HE SAID GO Missions Conference 2016: The purpose of this conference, to be held on Nov. 18-20 in San Diego, Calif., is to serve as a catalyst for missions, not only overseas, but also in domestic service. It is our prayer that our local church members become active in their communities and abroad. In order to accomplish this task, we are inviting medical professionals, our union and conference leaders, university/college presidents and their respective chaplains, along with their missions coordinators, to be part of this special gathering. We are also inviting youth directors, youth pastors, academy chaplains, and young adults. From Native American mission opportunities, including the Siberian Eskimos in northern Alaska, to Guam-Micronesia Mission territory, it is our prayer that everyone attending will choose to respond to the opportunities of service that God may present to them. Watch the video; and click here for more information.
Guam-Micronesia Mission still urgently needs 43 more people to fill vacancies – down from the original 56. Many of the schools are stretched thin with temporary help to start the school year, and await volunteers to fill these positions. Volunteers should be between ages 18 and 70 with at least one year of college, baptized members of the Adventist church and committed followers of Jesus, and who are able to fund their own airline ticket. The mission school will provide volunteers with accommodations, a modest living allowance, and accident/ illness travel insurance. Positions available include classes in both elementary and high school levels, and volunteers are expected to commit to a full school-year (approximately 10 months).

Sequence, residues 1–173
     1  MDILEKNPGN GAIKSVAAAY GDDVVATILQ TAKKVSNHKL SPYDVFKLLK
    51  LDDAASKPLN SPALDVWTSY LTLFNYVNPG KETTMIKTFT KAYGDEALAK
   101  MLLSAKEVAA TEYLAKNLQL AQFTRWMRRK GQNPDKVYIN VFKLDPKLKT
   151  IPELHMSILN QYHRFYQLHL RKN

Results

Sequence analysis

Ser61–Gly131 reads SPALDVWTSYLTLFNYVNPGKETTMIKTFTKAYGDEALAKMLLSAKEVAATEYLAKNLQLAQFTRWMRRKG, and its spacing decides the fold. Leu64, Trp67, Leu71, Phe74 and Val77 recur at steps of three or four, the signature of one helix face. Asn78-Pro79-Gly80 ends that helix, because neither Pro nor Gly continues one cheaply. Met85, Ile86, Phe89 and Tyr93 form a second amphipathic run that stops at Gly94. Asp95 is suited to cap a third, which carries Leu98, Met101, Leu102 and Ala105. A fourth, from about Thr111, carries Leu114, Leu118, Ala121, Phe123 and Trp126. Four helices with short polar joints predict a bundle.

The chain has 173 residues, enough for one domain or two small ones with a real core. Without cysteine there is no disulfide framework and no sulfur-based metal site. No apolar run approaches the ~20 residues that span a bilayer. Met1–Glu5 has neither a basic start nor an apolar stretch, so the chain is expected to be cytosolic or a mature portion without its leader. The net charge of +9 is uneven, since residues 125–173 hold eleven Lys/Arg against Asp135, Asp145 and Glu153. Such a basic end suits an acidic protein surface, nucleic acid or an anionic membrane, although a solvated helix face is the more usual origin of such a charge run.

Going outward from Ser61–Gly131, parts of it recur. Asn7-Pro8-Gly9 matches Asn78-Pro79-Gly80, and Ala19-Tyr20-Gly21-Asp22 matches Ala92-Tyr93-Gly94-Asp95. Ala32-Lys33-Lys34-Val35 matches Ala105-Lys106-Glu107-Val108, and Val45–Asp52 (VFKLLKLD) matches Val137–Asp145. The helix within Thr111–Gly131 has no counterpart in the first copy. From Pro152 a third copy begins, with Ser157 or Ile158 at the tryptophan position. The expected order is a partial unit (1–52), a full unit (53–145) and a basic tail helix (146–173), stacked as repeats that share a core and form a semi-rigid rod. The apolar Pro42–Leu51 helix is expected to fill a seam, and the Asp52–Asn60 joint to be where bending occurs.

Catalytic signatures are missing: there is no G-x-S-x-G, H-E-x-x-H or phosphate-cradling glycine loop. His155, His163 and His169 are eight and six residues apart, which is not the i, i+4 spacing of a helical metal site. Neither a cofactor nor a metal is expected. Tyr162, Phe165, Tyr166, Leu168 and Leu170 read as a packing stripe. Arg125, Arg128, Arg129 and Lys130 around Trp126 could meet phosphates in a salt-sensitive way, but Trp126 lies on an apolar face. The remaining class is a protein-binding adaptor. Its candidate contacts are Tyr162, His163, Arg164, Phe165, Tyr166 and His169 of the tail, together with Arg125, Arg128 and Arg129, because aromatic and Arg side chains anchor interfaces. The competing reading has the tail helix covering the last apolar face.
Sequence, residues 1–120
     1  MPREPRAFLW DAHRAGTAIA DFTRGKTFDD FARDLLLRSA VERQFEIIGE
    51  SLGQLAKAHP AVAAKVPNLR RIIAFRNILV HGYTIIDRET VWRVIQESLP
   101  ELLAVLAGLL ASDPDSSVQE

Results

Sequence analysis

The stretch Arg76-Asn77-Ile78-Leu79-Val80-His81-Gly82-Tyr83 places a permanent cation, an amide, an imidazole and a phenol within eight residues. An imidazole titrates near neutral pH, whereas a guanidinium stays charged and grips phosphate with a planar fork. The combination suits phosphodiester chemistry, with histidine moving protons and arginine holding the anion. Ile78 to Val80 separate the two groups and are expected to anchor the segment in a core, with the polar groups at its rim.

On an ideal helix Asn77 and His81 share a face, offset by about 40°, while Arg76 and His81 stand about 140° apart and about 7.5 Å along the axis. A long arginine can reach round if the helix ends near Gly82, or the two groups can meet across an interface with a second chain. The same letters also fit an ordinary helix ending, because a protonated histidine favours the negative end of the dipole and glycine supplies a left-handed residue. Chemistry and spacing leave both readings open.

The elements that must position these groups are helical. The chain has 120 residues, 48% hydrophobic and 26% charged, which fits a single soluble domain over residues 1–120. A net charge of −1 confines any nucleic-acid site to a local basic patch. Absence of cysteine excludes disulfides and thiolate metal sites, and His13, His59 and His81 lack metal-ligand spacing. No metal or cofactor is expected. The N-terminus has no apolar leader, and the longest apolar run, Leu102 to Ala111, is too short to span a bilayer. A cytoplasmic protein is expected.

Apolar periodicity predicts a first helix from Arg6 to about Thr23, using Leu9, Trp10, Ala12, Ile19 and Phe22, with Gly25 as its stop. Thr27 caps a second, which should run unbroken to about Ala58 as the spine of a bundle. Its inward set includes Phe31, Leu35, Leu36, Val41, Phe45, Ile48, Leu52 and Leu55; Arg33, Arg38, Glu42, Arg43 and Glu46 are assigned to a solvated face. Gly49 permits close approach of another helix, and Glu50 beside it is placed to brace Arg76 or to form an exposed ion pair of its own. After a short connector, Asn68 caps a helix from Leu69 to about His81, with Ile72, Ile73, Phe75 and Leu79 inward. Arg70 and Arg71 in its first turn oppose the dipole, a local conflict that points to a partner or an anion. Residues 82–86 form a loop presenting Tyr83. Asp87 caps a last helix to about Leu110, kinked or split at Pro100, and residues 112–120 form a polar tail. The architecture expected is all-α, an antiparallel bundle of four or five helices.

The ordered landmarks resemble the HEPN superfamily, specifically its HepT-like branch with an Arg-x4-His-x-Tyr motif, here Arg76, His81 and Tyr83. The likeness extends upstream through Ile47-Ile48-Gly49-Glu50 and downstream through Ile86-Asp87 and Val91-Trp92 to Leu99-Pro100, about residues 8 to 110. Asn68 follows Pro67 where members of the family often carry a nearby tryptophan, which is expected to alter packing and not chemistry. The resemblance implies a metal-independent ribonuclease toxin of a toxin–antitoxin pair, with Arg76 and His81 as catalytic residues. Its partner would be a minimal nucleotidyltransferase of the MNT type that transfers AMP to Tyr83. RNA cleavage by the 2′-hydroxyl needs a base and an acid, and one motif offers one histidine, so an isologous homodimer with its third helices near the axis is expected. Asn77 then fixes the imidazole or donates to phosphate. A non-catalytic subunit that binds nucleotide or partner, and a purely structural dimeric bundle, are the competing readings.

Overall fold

View needed positions: http://hesaidgo.org/#/long-term-mission/urgent-needs
To apply: http://hesaidgo.org/#/long-term-mission/apply
More information: email@example.com; (301-680-6493)
by Alisha Paulson
Source: He Said Go
“These past three months have definitely included some of the most challenging moments in my life. I really enjoy teaching, but there have been some moments where all I want is to go into my room and stare at the wall. Surrounded by nothing but peace and quiet. My nine 5th and 6th graders have a very wide skill level gap in between them, along with the 7th and 8th grade class. So it’s been interesting…. Read the rest.
Read Walla Walla University student missionary Alisha Paulson’s blog about “Island Life” in Kosrae, Micronesia.
“Voluntourism,” the idea of taking a trip to volunteer for a charitable cause, may be popular, but is it really worth it? Does it help those most in need? Heather Ruiz explores this question in a recent Walla Walla University (WWU) Collegian article, after she spent time traveling through West Africa for ADRA. What is the best way to help? How can we still feed and clothe those in need, yet not make them dependent on the gifts we bring? It is the time of year when many students have decided to go on and have started fundraising for mission trips during spring break. Before going, make read this! It’s contains very valuable information. Read the full article in the WWU Collegian.
On March 20, a total of 37 missionaries (including 9 students from Portland Adventist Academy and Upper Columbia Academy as well as 12 SOULS NW students) arrived in Tarapoto, Peru to preach the gospel in 22 different churches. Communication has been difficult there, but Jason Worf, Director of SOULS NW, has been faithful in posting stories daily to his blog. Read about the wonderful, life changing things that are happening right now in Peru by clicking here.
Most people know what happens at their local church and many know what their local conference does, but what about beyond that? The General Conference communication department has released a short video explaining how your local church is connected to churches and people on the other side of the world. The video includes statistics about the larger world church and is a great resource for members and non-members alike. Watch “Adventist People Connected.”
The North Pacific Union Conference is sponsoring a mission trip to Tarapoto, Peru and we would like for YOU to join us!
Needed: Speakers and support team members for 30 sites
- Preaching/Teaching the Bible
Go to our website for more details and to register for the trip!